With the pandemic and election dominating news headlines, Senate Bill 19-085 quietly went into law. Based on the conversations we’ve been having and the job postings we’ve seen out there so far in January, we estimate that 90% of Colorado employers don’t even realize they’re violating this new legislation with their normal recruiting practices.
Colorado’s Equal Pay for Equal Work Act was passed in 2019 and took effect on January 1st of 2021. In short, this means that all employers in the state have to disclose salary or hourly compensation on all job postings, both internal and external. There are fines ranging from $500 to $10,000 for each violation, which can add up quickly for companies hiring multiple positions.
The purpose of this new act is similar to the purpose of the “ban the box” laws that have been on the rise over the last few years: eliminate the gender pay gap. It’s long been illegal to pay differently based on gender, but the transparency this law provides makes a big difference. Thankfully, in Colorado, we’ve already been doing better than the rest of the country as women make 98% of what men make for the same job/qualifications. However, that 2% still needs correcting.
To help you determine what the Equal Pay for Equal Work Act means for your business, we reviewed the text of the law, checked with our state government, and spoke with ADP. Here’s what you need to know.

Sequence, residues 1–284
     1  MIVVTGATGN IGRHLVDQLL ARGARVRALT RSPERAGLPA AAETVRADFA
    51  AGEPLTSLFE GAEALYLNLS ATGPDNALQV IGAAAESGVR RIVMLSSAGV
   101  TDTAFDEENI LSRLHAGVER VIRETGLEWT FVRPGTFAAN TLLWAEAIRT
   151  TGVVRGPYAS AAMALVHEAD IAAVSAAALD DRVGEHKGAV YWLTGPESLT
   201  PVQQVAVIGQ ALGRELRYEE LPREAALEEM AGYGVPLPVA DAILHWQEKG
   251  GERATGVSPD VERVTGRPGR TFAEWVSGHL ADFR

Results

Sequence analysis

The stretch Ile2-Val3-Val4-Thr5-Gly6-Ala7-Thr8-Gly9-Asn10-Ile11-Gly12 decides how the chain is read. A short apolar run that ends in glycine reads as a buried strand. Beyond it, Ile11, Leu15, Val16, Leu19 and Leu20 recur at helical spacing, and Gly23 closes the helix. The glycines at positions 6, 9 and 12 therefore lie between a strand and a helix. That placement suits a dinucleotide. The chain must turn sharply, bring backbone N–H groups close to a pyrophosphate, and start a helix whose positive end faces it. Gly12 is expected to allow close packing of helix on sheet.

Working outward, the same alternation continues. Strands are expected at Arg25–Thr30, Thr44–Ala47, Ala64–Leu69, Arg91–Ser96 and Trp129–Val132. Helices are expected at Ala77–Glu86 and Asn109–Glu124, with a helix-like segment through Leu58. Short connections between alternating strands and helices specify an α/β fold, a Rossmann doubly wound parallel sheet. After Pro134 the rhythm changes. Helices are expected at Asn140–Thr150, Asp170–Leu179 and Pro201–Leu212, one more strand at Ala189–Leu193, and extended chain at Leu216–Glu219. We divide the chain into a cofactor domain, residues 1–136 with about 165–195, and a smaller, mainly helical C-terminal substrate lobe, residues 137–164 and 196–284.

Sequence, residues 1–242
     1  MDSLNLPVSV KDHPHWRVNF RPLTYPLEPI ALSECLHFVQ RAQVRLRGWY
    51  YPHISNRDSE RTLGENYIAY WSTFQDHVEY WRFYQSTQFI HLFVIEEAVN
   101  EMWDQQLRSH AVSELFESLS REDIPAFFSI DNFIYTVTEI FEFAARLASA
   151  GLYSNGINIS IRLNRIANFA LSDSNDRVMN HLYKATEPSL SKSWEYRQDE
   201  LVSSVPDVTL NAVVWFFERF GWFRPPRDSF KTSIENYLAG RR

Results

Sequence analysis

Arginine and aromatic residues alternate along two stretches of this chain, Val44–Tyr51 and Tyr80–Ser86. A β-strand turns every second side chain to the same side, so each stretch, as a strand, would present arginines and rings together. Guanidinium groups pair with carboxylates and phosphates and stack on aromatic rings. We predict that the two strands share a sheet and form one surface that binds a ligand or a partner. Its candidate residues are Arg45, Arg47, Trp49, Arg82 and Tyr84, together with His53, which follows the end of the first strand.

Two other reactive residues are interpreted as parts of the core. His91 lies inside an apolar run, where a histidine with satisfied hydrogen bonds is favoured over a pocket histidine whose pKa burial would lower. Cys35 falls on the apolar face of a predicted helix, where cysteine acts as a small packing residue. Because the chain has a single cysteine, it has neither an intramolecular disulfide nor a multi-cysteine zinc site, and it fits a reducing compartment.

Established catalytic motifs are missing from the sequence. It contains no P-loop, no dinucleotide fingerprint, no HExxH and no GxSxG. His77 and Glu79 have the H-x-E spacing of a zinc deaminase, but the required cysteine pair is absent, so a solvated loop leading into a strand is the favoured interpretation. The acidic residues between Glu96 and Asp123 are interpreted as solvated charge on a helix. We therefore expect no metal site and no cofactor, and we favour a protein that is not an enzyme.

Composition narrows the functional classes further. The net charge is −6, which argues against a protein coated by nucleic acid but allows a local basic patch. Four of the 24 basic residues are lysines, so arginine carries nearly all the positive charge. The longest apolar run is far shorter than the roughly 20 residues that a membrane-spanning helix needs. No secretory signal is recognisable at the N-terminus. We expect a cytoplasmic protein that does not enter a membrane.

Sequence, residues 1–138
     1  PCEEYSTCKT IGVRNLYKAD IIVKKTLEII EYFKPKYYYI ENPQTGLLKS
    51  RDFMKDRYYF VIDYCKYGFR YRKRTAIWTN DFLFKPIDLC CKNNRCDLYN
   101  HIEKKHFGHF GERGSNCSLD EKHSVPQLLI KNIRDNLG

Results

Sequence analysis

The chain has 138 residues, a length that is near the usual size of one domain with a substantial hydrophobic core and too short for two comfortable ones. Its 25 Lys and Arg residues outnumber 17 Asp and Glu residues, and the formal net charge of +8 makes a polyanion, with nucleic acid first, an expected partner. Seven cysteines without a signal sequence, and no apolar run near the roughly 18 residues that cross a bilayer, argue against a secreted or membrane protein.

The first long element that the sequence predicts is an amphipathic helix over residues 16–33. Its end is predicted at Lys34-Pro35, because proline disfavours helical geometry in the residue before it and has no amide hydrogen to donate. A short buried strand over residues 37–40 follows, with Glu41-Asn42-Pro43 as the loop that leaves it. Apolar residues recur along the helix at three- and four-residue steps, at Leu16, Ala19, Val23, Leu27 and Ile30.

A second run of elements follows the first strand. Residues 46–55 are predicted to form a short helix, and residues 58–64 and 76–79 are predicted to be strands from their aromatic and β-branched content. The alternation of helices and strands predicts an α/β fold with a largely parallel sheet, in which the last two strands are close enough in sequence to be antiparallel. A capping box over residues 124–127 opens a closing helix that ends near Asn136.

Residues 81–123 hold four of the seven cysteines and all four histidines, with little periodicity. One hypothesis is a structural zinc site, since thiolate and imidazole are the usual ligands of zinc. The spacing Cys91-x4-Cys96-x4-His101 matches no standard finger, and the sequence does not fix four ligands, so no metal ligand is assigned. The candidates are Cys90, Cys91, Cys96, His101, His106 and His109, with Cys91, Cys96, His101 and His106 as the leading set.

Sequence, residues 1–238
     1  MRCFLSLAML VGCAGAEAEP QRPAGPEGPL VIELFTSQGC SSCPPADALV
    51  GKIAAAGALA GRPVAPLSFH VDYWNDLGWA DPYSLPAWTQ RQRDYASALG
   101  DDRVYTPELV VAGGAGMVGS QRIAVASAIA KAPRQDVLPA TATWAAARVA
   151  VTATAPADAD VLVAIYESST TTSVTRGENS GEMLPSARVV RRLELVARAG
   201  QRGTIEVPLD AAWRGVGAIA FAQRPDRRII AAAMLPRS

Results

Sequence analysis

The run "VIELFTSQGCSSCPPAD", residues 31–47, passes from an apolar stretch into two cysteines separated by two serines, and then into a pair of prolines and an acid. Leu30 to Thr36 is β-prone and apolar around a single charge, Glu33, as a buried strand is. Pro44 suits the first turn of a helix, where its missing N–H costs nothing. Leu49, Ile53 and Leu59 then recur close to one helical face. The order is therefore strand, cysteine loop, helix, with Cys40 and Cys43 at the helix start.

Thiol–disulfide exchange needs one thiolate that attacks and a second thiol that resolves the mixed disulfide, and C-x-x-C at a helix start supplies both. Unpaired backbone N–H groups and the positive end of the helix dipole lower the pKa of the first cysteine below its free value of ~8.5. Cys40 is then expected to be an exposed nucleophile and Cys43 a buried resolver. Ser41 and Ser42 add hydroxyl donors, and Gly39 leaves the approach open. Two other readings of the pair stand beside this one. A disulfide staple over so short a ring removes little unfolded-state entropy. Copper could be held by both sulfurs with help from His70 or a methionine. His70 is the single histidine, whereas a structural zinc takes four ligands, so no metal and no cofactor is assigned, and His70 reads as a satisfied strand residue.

You Must Include Salary on External Job Postings
The first thing to note about the new law is that, in every job posting, employers must disclose the hourly or salary compensation, or a range of the hourly or salary compensation, and a general description of all benefits and other compensation offered.
For one reason or another, many companies haven’t formed sound practices for determining their compensation. They pay what they think is fair, but there may not be a formal process in place. This provision in the law is going to change that. If you’ve never thought about salary ranges or average compensation for your roles, it’s time to start. It’s not easy, but it’s what it takes to comply with the law and be a modern employer that talented technologists want to work for.
Logistically, you’ll want to think about how your job postings are created and where they go. For some businesses, the postings are housed right on your website and are easy to edit. For many others, you’re working with another company to disseminate your postings as far and wide as possible. Do your job postings automatically get emailed to candidate lists or shared to websites like Indeed and CareerBuilder? Are there job postings from late 2020 sitting on LinkedIn or shared in industry groups or other forums? It’s wise to take an audit of activities like these as soon as possible.
You Must Include Salary on Internal Job Postings
Colorado’s Equal Pay for Equal Work Act doesn’t just affect your new hire practices. The law is clear that companies must include salaries or compensation ranges on internal job postings as well. Also, employers must make reasonable efforts to announce, post, or make known all opportunities for promotion to all current employees on the same calendar day and provide an opportunity for all employees to apply to all promotions.